Chances are, you’ve been to an open house. Perhaps you were casually looking for a new home. Perhaps you were just being an inquisitive neighbor. All are allowed and we welcome everyone. Well, almost everyone. I have been holding homes open in San Carlos for nearly 20 years. Whenever you put a sign out in front of a house, asking the general public to come into your home, well, you get the general public coming into your home. Most who come are very respectful, nice folks. However, over the years there have been some crazy stories.
Armed and Ready!
I once sold a home in Devonshire Canyon for a gentleman who was getting ready to relocate. One of the questions I have to ask all of my sellers is whether there are any firearms in the house. He answered that he did not have any. Fast forward to the first open house. It was busy. People were waiting on the front porch when I arrived just before 1:00 pm. By 1:05, there were probably 20 people in the house. I was downstairs in the great room area and out of the corner my eye I saw a man walking down the stairs holding a shotgun and giving it a firm pump. “Bro, there’s a loaded shotgun sitting just inside the master bedroom closet. Do you want it?” At this point there is an awkward silence throughout the open house and one family bolted for the front door. He walks over and hands me the loaded gun. We had to shut down the open house until the owner came back to retrieve the weapon.
Belch and Run
About ten years ago I was selling a home on the 900 block of Orange. That particular block always has busy open houses. Not only do you get the normal open house crowd, but there is overflow from Burton Park which is less than a block away. The market was incredibly competitive at the time. Every property was a multiple offer situation. Buyers were frustrated, and understandably so. One such frustrated buyer stood in the doorway of the front door. He did not acknowledge my “Hello, thanks for coming.” His eyes simply scanned the living room and he muttered something to himself about the pricing being outrageous in San Carlos. He then entered the house, walked up to me and about 18 inches from my face, let out one of the largest belches I have ever heard. He turned around and walked out.
The busiest open house I ever had was a small home on the 900 Block of Rosewood, close to downtown San Carlos. Those that really know San Carlos real estate, know that the 900 Block of Rosewood is one of the top 5 blocks in all of San Carlos. At the Saturday open house, we had over 225 people. Sunday was closer to 250. At the absolute peak, at 2:00 pm, there were probably 40-50 people in the house with some waiting outside for the crowd to die down. My eye caught a little boy who was alone, standing in the middle of the kitchen. He looked distressed. I made my way over to him and asked if I could help him locate his parents. He nodded his head but wasn’t really talking or making eye contact. I turned to scan the room to see if I could find any parent who was missing a child. Then I heard a scream. As I looked back toward the little boy, he was projectile vomiting all over the kitchen. Two seconds later there was a stampede out of the house. Parents were picking up younger kids and running for the door. Within 15 seconds, the house was cleared. The parents eventually found the little boy who was throwing up. They picked him up and just walked out of the house. No apology, not even an offer to help clean it up. That wonderful duty was left for me.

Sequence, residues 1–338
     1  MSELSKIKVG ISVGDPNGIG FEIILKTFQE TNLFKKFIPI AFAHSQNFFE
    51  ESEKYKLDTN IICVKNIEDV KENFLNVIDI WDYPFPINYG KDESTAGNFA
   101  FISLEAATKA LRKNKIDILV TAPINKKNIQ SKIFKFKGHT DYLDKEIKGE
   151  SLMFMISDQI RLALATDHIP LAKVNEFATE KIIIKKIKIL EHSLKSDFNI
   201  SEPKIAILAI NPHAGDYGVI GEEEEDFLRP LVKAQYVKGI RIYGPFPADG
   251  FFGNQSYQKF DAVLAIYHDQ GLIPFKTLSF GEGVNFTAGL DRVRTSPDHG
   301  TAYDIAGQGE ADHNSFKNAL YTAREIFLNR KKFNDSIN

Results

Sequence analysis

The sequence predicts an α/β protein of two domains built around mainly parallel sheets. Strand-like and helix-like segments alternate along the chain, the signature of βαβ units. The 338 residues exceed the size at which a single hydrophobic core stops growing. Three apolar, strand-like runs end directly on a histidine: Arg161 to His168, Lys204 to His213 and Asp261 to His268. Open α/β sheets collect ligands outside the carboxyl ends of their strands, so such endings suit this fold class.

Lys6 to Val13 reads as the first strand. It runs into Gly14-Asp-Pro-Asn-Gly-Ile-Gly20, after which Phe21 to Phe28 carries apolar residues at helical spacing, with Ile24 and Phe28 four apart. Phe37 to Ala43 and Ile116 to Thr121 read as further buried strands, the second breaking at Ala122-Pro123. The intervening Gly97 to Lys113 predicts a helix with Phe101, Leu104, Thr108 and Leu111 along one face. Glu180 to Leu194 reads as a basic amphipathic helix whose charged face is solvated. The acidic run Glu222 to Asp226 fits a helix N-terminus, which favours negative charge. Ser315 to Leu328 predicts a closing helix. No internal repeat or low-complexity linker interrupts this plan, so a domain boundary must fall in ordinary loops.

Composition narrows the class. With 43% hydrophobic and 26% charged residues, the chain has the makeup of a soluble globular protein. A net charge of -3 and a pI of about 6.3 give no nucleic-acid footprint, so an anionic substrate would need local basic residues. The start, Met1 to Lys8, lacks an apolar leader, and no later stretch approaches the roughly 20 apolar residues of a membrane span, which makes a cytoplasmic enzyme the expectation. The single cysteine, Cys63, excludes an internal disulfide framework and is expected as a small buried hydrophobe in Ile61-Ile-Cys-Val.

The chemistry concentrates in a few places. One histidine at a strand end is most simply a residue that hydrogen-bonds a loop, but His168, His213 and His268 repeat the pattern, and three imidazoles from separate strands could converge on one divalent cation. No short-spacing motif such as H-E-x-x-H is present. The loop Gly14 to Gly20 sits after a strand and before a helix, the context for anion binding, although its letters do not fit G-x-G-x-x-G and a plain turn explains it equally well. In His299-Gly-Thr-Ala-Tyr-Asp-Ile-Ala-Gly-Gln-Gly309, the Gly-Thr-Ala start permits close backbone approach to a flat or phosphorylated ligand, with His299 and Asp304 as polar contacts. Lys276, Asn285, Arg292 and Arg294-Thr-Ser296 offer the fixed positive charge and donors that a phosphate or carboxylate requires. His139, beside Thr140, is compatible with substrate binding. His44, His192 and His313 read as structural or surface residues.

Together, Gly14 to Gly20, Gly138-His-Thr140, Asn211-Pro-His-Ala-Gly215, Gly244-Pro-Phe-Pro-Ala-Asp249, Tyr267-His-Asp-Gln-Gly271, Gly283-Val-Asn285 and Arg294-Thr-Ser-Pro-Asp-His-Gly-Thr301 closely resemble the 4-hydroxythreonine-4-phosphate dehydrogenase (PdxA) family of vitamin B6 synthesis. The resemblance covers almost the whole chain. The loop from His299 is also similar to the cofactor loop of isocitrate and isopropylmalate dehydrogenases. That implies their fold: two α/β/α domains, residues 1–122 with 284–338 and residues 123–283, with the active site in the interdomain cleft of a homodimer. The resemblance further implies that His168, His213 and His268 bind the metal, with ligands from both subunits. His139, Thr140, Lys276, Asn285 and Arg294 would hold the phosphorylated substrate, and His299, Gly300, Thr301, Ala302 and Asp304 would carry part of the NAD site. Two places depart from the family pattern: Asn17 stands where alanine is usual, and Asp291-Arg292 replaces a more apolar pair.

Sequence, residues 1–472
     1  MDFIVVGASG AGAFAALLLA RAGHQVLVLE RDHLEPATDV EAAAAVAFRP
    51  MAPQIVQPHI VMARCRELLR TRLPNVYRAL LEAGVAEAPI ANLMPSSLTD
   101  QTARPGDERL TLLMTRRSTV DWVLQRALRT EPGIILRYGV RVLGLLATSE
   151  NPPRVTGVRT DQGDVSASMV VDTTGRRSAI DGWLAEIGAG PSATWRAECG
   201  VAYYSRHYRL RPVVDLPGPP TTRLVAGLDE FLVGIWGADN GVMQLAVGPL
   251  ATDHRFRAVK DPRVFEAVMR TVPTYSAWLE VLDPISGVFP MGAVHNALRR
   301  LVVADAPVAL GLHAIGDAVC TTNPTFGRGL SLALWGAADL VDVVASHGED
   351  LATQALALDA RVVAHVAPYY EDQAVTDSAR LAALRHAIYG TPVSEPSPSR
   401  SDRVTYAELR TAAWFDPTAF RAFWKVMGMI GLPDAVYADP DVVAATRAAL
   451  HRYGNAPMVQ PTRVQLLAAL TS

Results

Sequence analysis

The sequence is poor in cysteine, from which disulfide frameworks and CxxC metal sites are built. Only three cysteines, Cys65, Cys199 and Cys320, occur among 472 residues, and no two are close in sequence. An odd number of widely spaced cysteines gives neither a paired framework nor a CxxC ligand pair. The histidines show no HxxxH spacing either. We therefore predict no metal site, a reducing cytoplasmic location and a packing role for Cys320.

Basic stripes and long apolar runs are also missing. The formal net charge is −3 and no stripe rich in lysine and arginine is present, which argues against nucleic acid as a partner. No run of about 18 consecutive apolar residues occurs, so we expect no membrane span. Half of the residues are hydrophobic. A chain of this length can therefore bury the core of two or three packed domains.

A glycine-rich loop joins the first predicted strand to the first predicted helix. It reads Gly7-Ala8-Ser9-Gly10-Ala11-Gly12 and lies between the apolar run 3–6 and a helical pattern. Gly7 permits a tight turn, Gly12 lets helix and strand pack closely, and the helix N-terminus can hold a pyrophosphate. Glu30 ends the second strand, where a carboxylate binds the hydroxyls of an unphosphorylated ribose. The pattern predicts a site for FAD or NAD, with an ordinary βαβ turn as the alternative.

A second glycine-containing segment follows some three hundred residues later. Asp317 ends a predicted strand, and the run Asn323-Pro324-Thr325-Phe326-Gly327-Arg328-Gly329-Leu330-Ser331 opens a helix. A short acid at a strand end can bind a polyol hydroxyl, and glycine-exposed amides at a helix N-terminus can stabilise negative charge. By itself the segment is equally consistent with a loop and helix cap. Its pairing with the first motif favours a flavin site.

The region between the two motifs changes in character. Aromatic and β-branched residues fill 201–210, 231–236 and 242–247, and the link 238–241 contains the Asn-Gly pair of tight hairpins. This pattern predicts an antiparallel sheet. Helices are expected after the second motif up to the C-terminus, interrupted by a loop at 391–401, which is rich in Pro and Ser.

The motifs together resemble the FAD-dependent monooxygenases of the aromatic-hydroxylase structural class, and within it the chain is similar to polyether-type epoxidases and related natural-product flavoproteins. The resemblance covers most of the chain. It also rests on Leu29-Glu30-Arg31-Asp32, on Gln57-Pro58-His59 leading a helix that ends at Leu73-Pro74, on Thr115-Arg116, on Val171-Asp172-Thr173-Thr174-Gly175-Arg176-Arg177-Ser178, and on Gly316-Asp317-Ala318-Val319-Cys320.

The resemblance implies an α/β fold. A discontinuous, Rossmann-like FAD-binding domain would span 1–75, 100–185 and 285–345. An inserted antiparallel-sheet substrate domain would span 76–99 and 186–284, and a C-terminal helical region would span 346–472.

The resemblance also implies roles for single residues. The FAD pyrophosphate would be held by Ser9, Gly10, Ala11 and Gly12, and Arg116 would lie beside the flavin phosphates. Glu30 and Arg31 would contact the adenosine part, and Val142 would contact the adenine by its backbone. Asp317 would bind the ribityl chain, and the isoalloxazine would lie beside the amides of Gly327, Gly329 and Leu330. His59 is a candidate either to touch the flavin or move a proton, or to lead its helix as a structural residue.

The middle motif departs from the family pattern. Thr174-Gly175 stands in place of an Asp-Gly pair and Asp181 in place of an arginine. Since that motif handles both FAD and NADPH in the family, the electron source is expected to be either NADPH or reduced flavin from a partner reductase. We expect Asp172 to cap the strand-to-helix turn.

When you first start out as an agent, open houses can be a bit intimidating. It is likely not your listing. You are trying to gain some experience by holding another agent’s listing open for the weekend. Naturally, some agents are worried that they won’t be as prepared as they would like for questions that may come up. The second home I ever held open as an agent was on Cordilleras, just south of Brittan. As prepared as I was regarding the facts of the house, I was woefully underprepared for dealing with the general public. The 2005 market was a good one in San Carlos. Open houses were well attended. This particular open house was busy, but not overly busy. One family came in. Husband, wife and two sons who were probably around 9 and 12. I was greeting people as they arrived at the front door. Over the next 20 minutes the activity slowed and I realized I never saw that one particular family leave. I searched the house and came to the kitchen. The mother was sitting at the kitchen table watching her two sons eating a sandwich. Odd. Really odd, but ok. I asked her if she had any questions about the house. I will never forget what she said: “Anything to drink?” The question forced a quizzical look on my face and I started to put together what had happened. She had opened the refrigerator and made a simple sandwich for her kids. I politely asked her to leave and she was confused, but did leave. When you ask for the public, you get the public.